Pediatric prosthetics

At Lawall Prosthetic & Orthotic Services, we care for patients of all ages, including children. Properly fitting a pediatric prosthetics or orthotic on a child requires a range of skills, including interacting with the child, helping them become comfortable with their device, and choosing a device after considering how the child will grow and change.

There are typically no concerns about outgrowing orthotics for adults, leaving them with a brace that lasts for a long time. However, children are continually growing, so fitting them with a device must also force the orthotist to consider how the child will grow and how the device can remain comfortable and functional.

Girl with orthotics | Lawall Prosthetic & Orthotic Services

Children who need an orthotic most often fall into three categories:

– those with disorders affecting mobility (e.g., cerebral palsy, spina bifida, Down syndrome)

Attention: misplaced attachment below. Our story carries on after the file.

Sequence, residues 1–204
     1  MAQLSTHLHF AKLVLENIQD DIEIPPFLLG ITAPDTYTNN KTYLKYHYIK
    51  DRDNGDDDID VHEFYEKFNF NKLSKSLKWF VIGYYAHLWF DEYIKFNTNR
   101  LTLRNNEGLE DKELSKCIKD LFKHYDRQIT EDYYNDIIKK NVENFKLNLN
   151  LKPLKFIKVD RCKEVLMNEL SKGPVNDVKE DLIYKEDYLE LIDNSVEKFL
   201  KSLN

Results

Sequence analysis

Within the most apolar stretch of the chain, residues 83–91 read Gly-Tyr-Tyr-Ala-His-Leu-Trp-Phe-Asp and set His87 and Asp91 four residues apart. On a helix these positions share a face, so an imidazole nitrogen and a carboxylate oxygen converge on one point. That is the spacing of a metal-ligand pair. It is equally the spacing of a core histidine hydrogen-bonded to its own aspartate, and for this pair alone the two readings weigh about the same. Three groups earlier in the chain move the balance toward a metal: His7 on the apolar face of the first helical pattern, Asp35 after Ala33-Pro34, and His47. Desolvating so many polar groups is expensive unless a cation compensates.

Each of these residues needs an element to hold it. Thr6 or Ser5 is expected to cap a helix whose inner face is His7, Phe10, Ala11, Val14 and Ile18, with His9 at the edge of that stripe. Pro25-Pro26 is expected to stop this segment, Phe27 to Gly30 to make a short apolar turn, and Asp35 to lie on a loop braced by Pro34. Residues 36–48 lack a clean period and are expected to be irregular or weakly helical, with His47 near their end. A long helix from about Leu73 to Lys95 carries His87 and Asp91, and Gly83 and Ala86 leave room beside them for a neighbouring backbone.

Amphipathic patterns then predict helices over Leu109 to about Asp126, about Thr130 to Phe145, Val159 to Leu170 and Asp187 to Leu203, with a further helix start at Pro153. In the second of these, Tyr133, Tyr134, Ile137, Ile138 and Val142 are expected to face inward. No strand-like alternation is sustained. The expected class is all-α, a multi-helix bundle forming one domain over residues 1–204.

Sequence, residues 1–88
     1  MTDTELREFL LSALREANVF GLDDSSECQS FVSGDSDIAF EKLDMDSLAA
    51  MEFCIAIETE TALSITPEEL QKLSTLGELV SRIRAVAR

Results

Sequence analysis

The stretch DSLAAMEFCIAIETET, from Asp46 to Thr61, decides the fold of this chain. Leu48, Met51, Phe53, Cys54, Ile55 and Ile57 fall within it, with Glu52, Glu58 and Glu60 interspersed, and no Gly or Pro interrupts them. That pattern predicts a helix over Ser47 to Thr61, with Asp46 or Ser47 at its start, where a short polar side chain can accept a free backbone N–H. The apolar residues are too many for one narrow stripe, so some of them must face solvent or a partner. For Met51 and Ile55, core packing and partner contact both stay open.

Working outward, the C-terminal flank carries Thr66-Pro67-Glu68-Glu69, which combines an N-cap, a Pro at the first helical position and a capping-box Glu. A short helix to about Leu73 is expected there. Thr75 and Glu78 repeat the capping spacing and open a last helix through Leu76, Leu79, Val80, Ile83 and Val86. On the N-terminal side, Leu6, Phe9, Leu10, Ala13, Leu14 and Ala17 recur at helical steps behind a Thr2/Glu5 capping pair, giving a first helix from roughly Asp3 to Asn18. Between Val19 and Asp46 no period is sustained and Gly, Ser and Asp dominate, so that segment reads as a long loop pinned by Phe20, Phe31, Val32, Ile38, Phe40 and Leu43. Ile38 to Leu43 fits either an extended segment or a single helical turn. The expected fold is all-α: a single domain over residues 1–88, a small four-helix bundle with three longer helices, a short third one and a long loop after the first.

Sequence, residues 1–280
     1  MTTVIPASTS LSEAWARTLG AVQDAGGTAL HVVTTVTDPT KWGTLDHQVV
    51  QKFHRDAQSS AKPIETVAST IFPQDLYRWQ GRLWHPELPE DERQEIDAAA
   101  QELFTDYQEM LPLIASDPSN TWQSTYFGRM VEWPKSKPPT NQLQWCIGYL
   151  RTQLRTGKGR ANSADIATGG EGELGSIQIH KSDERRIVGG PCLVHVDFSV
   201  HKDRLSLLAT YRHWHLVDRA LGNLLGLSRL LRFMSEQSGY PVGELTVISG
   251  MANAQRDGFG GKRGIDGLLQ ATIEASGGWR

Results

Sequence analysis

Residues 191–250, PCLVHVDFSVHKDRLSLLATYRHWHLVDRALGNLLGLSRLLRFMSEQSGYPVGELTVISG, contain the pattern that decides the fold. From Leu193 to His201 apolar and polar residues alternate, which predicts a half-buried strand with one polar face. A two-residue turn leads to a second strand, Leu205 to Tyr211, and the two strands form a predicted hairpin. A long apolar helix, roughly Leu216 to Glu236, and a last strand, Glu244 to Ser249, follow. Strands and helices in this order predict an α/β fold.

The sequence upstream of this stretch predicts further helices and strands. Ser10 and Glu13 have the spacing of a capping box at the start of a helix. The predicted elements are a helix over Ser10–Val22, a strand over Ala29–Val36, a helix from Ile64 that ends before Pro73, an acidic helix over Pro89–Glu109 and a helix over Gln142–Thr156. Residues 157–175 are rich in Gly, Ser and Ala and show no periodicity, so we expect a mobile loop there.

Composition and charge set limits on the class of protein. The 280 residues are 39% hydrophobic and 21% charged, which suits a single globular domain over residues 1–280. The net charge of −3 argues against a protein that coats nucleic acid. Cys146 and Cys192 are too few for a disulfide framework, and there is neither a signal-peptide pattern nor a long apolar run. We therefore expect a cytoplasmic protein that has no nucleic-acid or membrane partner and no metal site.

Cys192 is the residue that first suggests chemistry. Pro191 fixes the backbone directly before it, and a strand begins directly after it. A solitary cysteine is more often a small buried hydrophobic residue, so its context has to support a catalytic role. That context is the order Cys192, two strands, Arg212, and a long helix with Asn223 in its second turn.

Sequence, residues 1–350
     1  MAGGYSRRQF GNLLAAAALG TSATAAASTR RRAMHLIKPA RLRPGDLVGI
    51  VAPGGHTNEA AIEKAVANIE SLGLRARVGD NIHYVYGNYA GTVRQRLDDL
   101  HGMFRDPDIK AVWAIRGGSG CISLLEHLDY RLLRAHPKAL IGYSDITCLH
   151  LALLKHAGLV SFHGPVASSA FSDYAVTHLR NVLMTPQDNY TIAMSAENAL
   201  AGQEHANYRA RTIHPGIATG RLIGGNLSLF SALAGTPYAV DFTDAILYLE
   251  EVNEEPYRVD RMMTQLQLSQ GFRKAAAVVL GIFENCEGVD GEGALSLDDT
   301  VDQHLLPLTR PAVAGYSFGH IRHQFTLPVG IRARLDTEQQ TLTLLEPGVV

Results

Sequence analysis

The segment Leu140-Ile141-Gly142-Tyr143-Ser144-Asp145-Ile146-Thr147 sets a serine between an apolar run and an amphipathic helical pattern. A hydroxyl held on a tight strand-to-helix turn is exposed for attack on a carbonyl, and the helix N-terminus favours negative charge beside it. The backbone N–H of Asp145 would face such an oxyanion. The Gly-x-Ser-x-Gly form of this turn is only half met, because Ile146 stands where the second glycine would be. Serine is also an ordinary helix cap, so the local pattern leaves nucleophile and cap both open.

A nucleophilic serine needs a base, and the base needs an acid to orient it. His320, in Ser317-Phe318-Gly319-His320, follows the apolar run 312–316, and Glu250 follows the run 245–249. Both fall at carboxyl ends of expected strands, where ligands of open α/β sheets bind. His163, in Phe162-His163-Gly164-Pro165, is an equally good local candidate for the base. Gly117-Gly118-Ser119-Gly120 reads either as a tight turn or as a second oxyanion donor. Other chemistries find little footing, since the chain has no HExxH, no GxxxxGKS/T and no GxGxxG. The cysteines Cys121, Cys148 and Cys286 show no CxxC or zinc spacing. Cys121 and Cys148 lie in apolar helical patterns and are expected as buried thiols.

– those with scoliosis

– babies with an abnormally shaped head

Disorders Affecting Mobility

Three of the most common conditions affecting mobility in children are cerebral palsy, spina bifida, and Down syndrome, and they often require very similar sets of orthotics. This is because all of these conditions benefit from increasing strength and stability in the child, which helps them maintain mobility and corrects any physical issues preventing the child from being fully ambulatory.

With cerebral palsy, many children can walk, yet the way cerebral palsy affects someone’s muscles, joints, and patterns of motion make it challenging to establish an effective gait. Orthotic devices help children with cerebral palsy develop typical joint and muscle movement patterns.

Similar to cerebral palsy, those with spina bifida benefit from orthotics to help provide stability and aid mobility.